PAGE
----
Since these Sunni jihadists were most adept at killing Shiites, they endeared themselves not only to their Saudi, Qatari and Kuwaiti benefactors, but also to Israel, which has identified Shiite-ruled Iran as its greatest strategic threat. Thus, the American neocons, who collaborate closely with Israel’s right-wing Prime Minister Benjamin Netanyahu, had mixed attitudes toward the Sunni jihadists, too.
Plus, high-profile terrorism, including the 9/11 attacks, enabled the tough-talking neocons to consolidate their control over U.S. foreign policy, diverting American fury over Al Qaeda’s killing nearly 3,000 people in New York and Washington to implement the neocons’ “regime change” agenda, first in Iraq though it had nothing to do with 9/11, with plans to move on to Syria and Iran.
As the Military-Industrial Complex made out like bandits with billions upon billions of dollars thrown at the “War on Terror,” grateful military contractors kicked back some profits to major think tanks where neocon thinkers were employed to develop more militaristic plans. [See Consortiumnews.com’s “A Family Business of Perpetual War.”]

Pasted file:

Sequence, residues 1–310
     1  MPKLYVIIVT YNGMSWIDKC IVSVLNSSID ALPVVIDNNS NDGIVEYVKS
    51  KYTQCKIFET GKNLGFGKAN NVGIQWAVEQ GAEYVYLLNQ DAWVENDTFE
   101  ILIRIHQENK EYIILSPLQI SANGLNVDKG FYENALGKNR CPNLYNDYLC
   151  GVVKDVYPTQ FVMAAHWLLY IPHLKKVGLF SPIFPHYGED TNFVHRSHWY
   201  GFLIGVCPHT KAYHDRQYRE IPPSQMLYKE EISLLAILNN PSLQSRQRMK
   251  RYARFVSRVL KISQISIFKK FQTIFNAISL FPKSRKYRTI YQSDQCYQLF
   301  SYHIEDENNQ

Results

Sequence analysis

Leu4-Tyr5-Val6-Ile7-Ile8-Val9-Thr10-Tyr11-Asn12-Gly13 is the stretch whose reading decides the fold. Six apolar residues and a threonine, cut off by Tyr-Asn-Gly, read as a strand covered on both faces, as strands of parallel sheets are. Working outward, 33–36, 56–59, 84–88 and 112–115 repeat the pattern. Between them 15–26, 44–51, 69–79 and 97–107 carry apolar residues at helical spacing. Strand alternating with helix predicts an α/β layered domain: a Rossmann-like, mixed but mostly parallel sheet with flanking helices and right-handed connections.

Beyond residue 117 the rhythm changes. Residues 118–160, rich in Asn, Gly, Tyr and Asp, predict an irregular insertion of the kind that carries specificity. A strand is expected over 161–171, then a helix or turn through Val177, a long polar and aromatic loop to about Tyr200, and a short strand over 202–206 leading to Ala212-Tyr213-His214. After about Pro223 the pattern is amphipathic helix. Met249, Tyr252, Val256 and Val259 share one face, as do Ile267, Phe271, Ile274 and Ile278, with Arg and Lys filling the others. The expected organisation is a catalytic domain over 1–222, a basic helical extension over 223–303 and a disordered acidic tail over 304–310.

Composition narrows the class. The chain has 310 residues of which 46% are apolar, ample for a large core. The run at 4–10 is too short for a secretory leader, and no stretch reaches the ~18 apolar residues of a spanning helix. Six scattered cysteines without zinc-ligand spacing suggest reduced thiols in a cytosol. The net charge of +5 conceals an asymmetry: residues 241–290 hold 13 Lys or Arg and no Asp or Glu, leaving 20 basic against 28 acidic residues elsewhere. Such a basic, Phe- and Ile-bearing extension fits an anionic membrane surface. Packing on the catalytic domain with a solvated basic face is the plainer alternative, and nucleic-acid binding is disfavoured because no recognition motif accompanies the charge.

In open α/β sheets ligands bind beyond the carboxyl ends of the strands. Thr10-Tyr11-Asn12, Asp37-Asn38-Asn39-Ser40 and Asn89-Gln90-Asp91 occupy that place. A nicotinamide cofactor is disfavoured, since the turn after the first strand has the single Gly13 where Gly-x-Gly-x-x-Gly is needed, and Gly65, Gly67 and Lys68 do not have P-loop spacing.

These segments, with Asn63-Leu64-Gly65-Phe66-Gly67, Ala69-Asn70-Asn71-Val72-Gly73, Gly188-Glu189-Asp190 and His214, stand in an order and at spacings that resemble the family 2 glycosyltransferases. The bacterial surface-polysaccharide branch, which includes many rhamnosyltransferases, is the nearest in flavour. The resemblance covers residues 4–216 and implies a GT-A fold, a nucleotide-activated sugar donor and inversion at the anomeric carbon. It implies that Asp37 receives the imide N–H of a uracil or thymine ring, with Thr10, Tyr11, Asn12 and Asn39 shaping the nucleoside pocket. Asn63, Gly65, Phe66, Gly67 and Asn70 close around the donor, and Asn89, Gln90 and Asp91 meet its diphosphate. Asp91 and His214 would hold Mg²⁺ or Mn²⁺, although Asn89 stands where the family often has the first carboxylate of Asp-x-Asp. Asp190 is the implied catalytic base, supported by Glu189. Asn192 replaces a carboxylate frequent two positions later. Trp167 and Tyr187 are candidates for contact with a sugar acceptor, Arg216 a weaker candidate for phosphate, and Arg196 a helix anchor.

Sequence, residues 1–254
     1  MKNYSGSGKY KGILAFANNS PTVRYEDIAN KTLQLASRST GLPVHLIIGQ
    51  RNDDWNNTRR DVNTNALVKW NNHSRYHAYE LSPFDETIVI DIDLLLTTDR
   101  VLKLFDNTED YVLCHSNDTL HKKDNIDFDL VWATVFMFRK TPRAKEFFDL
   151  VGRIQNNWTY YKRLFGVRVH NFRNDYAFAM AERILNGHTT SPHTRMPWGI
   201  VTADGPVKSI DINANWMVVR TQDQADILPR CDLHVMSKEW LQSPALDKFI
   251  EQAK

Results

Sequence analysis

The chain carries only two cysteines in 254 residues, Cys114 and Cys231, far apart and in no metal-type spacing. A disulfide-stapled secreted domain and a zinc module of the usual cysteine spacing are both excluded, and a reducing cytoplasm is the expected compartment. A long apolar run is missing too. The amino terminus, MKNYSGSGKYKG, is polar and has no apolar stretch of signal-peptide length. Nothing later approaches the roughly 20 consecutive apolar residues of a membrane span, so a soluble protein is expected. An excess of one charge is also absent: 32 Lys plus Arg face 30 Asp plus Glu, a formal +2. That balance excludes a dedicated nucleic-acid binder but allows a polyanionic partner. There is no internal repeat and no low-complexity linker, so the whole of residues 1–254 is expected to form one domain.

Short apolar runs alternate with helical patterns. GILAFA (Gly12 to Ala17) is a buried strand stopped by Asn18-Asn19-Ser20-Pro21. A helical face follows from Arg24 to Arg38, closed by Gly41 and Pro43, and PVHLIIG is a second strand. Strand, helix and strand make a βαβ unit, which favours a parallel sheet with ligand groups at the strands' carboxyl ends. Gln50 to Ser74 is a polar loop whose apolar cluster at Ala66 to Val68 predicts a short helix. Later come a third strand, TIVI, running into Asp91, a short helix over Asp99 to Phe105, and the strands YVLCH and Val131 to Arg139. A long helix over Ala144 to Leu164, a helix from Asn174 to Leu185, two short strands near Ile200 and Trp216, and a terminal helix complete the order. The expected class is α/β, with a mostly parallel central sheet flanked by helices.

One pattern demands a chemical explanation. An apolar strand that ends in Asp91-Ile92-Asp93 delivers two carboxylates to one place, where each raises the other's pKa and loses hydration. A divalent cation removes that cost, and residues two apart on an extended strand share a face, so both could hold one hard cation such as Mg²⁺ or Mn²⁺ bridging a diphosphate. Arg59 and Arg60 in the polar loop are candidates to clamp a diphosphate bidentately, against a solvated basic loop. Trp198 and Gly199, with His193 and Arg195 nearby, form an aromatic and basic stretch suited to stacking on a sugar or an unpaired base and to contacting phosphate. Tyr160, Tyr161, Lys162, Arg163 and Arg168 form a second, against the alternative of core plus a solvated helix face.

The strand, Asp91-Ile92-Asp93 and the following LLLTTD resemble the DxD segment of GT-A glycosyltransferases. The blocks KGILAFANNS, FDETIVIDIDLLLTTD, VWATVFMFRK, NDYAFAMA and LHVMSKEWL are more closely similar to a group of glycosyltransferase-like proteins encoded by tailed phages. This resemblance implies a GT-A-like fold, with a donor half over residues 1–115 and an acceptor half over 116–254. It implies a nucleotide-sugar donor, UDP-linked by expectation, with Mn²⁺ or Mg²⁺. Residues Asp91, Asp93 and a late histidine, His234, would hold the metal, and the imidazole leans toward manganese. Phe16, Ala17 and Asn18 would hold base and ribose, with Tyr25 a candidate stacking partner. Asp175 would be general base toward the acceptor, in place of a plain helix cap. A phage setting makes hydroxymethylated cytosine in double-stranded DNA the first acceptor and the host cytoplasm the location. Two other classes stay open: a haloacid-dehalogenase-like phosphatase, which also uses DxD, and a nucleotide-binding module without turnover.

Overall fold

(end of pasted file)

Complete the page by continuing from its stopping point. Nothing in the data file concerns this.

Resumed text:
But the downside of this coziness with the Sunni jihadists has been that Al Qaeda and its spinoff, the Islamic State, perceive the West as their ultimate enemy, drawing from both historic and current injustices inflicted on the Islamic world by Europe and the United States. The terrorist leaders cite this mistreatment to recruit young people from impoverished areas of the Middle East and the urban slums of Europe – and get them to strap on suicide-belts.
Thus, Al Qaeda and now the Islamic State not only advance the neocon/Israeli/Saudi agenda by launching terror attacks in Syria against Assad’s government and in Lebanon against Hezbollah, but they strike out on their own against U.S. and European targets, even in Africa where Al Qaeda claimed responsibility for last week’s murderous assault on an upscale Radisson Blu hotel in Bamako, Mali.